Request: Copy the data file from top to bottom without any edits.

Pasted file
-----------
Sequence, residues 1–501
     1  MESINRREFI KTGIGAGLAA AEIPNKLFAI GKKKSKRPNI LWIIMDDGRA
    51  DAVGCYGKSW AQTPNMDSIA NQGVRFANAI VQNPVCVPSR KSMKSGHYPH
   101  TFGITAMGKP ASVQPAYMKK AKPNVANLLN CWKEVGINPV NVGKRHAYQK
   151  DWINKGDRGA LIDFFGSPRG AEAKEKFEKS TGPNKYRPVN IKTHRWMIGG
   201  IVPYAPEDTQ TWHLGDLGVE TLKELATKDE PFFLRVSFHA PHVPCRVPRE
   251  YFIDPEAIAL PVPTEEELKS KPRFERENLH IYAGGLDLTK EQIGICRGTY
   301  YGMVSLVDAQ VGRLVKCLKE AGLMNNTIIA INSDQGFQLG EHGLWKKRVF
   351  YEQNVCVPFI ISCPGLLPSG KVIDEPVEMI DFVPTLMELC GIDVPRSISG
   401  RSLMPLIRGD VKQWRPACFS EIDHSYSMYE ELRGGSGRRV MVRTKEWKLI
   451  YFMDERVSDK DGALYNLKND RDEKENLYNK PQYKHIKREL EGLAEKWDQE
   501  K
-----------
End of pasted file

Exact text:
Sequence, residues 1–501
     1  MESINRREFI KTGIGAGLAA AEIPNKLFAI GKKKSKRPNI LWIIMDDGRA
    51  DAVGCYGKSW AQTPNMDSIA NQGVRFANAI VQNPVCVPSR KSMKSGHYPH
   101  TFGITAMGKP ASVQPAYMKK AKPNVANLLN CWKEVGINPV NVGKRHAYQK
   151  DWINKGDRGA LIDFFGSPRG AEAKEKFEKS TGPNKYRPVN IKTHRWMIGG
   201  IVPYAPEDTQ TWHLGDLGVE TLKELATKDE PFFLRVSFHA PHVPCRVPRE
   251  YFIDPEAIAL PVPTEEELKS KPRFERENLH IYAGGLDLTK EQIGICRGTY
   301  YGMVSLVDAQ VGRLVKCLKE AGLMNNTIIA INSDQGFQLG EHGLWKKRVF
   351  YEQNVCVPFI ISCPGLLPSG KVIDEPVEMI DFVPTLMELC GIDVPRSISG
   401  RSLMPLIRGD VKQWRPACFS EIDHSYSMYE ELRGGSGRRV MVRTKEWKLI
   451  YFMDERVSDK DGALYNLKND RDEKENLYNK PQYKHIKREL EGLAEKWDQE
   501  K